I was rather disappointed recently when a generally well-respected Foxnews religious commentator, Fr. Jonathon Morris, quoted an infamous mistranslation of Scripture in his repeated reference to a particular Biblical commandment. He quoted ‘you shall not kill’ when, in fact, the original Hebrew states ‘you shall not murder’. This is neither minor nor trivial… it really does matter…. Mistaken translations skew the teachings that follow, and this damage our ability to have a properly formed conscience. In counseling both Law Enforcement officers and former Military personnel, I’ve witnessed just how destructive this particular mis-translation and and its abuse of Biblical context truly is… The inappropriate guilt created by the erroneous teachings caused by this simple mis-translation can and does, in fact, destroy lives!
My two favorite scripture professors, a Benedictine monk and a Jesuit, routinely reminded their students that God’s Word could be understood most profoundly and most accurately in the original languages, and that too many Bible translations sacrificed accuracy in favor of ease of reading or culture-friendliness. With that in mind, they were very particular about which Scripture translations they considered acceptable in class. Along with an Orthodox Rabbi friend of mine, many years later, they shared a quick and simple test for a good translation; specifically, how a particular command in Exodus 20 was translated into English… Did it forbid “killing”… or did it forbid “murder”? They also shared a particular fondness for Oxford’s Revised Standard Version (RSV) of the Bible. The RSV translation team included a variety of well-respected Christian and Jewish scholars and easily passed both this and other litmus tests for accuracy of translation.
The Hebrew verb רצח (r-ṣ-ḥ, commonly transliterated ratzákh) refers to the killing of an innocent or to killing without sufficient cause. Biblically, a non-forbidden “killing” might be due to combat during war, properly authorised death penalty, guardians protecting us from violence, or even self defense. This is why, unless we ignore the Biblical context, it is always properly translated as “murder”. It is a simple truth that the ancient Hebrew texts consistantly delineate between the prohibition against shedding innocent blood vs. authorised taking of life. This is illustrated by the clear distinction between “harag” (Hb: הָרַג – killing, in general) and “ratzakh” (murder).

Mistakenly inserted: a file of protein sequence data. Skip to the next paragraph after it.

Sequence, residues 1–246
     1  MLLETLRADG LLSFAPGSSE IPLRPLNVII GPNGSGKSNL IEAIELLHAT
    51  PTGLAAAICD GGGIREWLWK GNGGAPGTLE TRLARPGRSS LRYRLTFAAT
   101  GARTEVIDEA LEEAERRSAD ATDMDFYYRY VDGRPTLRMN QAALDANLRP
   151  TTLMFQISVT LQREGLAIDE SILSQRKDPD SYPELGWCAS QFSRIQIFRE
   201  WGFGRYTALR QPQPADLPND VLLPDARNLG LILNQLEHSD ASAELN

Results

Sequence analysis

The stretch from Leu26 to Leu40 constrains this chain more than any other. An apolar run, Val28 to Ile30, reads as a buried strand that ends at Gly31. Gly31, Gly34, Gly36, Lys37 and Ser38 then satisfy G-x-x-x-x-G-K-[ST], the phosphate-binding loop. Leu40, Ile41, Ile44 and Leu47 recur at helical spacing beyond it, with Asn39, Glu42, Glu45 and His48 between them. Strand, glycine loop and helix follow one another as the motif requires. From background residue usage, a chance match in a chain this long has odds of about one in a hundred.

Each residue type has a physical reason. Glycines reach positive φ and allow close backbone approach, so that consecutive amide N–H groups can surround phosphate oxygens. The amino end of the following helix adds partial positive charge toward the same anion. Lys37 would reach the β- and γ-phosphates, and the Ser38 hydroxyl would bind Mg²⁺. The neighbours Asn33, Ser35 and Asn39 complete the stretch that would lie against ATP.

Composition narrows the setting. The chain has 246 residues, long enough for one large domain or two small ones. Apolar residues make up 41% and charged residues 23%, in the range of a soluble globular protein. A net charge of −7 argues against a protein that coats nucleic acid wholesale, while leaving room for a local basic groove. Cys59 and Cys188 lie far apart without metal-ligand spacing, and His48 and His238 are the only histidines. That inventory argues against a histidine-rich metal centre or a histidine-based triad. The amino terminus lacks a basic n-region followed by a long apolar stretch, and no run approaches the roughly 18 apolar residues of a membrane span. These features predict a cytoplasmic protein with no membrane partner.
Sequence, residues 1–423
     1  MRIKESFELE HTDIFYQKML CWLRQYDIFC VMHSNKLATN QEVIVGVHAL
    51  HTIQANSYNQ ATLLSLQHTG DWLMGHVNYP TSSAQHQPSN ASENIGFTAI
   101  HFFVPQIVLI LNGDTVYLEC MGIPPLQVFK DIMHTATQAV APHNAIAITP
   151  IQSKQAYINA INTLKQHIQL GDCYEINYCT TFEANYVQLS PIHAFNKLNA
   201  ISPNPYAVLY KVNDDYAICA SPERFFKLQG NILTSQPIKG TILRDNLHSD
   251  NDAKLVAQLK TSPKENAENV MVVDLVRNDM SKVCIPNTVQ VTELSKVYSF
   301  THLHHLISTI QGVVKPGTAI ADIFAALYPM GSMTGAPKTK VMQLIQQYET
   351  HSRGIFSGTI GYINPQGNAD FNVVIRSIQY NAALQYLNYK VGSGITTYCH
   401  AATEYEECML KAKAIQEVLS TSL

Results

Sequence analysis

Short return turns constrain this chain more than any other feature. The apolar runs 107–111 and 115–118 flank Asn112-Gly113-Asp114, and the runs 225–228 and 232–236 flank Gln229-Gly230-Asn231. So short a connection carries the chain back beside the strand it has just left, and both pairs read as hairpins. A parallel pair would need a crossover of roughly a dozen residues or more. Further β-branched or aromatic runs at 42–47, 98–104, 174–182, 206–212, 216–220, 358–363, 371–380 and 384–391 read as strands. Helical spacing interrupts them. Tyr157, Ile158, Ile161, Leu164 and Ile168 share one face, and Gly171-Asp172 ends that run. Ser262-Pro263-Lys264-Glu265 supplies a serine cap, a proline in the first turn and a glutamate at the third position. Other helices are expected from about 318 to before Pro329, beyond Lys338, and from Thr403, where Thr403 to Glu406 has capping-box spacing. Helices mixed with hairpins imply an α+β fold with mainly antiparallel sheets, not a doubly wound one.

Matthew 18:6 reminds us that teachers have a profound obligation to teach rightly. So, the path of tendentious exegesis is clearly a perilous one. In seeking accurate teaching, we need to recognize that it’s a lexical misunderstanding to claim that Harag and Ratzákh are synonyms with minimal distinction; this inappropriately conflates similarity with sameness. The difference between them may indeed be subtle… but that ‘subtle’ difference is profoundly important, for they do not carry the same meaning.
The Creator designed our conscience to help us understand when we have failed ‘to act justly, to love mercy, and to walk humbly with (our) God.’ (Micah 6:8) Unfortunately, a conscience can only work correctly when it is properly formed, and being properly formed requires good teaching. There is a profound difference between appropriate guilt and inappropriate guilt, but a poorly formed conscience gets them confused. It is absolutely true that all human life is made in the image of God and is, therefore, precious. Without writing the treatise that this subject deserves, the spilling of blood… the taking of a life… should always be a sad and, hopefully, rare occasion. Yet it is also true that the revealed and codified Word of God which we call the Bible, teaches that there is an important difference between the just and unjust taking of a life.
When we, as teachers, fail to rightly distinguish between killing and murder, we risk destroying lives by burdening people with false guilt. This is especially true of our guardians; police, soldiers, etc. When an officer or a soldier has to kill someone in the line of duty, it is no more murder than if it were simple self-defense. Yet, due to poor teaching (caused by bad translation leading to bad exegesis) and the belief that Scripture forbids all killing, they too often carry an unnecessary burden of guilt from that point onward. Neither the New Testament nor the Old Testament ever encourages our police or soldiers to lay down arms. The truth is that guilt is only appropriate when the taking of a life was unjust. This is why that seemingly-subtle distinction between killing and murder is so important.
As teachers, we must correctly explain the difference between murder and other killing, we must follow the model of John the Baptist (Luke 3:14) to guide our Protectors in the path of righteousness, and we must minister to them in kindness if/when they ever have to cope with the brutal sadness of having to justly take a life.
‘Offered for your prayerful consideration….
Shalom, Christ’s peace!! — Michael+, MSJ